A previous blog post of “The Semantics of Therapy” posed three questions about the human genome being a “patient” to be treated. One reader found the post “provocative and disturbing” and called for further explanation and discussion of the questions posed. That will take some time and several postings.
The first of the questions to be considered is this: If the “patient” is a genome, to whom does the researcher answer? An answer from recent history may shed some light on this important issue.
33 infertile couples underwent a novel procedure at New Jersey’s Saint Barnabas Medical Center during the years 1996-2001. Embryologist Jacques Cohen used cytoplasmic transfer–ooplasm from the oocytes of fertile women was transferred into the eggs of infertile women–in the hope of establishing pregnancies in the latter. The outcome was 13 pregnancies and 17 babies from the Saint Barnabas experience (see accounts here and here).
According to a 2014 BBC article, one resulting pregnancy, which ended in miscarriage, revealed a missing X chromosome in the fetus. The same anomaly was noted in another child: one of a set of twins from a different pregnancy. Later, one child showed evidence of developmental delay. In 2014, Cohen estimated that the worldwide experience of cytoplasmic transfer between oocytes had resulted in the births of 30-50 babies, although the FDA had effectively stopped the procedure in the U.S. in 2002.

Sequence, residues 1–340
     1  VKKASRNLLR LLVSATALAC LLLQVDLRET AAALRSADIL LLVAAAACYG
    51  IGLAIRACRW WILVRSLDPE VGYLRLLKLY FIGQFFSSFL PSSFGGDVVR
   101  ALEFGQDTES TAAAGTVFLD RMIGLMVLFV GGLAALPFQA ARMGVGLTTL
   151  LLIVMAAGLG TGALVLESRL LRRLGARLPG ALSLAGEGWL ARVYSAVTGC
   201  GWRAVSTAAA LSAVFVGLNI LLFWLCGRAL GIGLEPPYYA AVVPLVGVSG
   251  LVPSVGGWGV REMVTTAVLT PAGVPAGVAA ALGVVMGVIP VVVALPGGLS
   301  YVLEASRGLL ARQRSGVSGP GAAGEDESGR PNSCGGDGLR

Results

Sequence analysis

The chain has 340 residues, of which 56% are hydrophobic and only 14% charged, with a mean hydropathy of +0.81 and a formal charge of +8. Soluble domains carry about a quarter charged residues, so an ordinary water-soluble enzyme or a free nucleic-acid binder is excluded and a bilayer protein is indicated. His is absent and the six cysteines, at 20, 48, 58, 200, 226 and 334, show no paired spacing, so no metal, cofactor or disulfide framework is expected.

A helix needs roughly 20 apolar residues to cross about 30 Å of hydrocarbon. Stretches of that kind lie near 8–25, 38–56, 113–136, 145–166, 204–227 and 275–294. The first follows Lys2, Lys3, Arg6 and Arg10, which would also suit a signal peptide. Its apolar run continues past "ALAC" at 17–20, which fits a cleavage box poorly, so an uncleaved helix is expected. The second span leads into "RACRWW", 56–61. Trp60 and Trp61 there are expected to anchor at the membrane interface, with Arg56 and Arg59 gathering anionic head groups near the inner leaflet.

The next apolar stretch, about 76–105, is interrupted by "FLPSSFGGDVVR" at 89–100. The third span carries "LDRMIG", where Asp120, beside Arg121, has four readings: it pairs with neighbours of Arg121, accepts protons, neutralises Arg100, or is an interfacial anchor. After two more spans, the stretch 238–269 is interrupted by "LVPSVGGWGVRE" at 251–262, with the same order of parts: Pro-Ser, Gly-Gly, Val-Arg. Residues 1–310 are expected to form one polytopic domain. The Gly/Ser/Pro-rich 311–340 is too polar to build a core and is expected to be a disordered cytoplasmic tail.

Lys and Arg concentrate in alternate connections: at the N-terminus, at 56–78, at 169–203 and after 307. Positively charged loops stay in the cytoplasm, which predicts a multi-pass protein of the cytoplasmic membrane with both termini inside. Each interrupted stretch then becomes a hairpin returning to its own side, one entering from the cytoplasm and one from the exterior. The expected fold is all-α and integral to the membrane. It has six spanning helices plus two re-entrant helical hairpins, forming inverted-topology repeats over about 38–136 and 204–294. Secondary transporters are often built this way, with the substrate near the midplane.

What had the follow-up on the babies born through cytoplasmic transfer been in 2014?
Due to a lack of funding, Cohen says, it hasn’t been possible to find out about how any of the children like Alana who were born from cytoplasmic transfer are doing.
The views, opinions and positions expressed by these authors and blogs are theirs and do not necessarily represent that of the Bioethics Research Library and Kennedy Institute of Ethics or Georgetown University.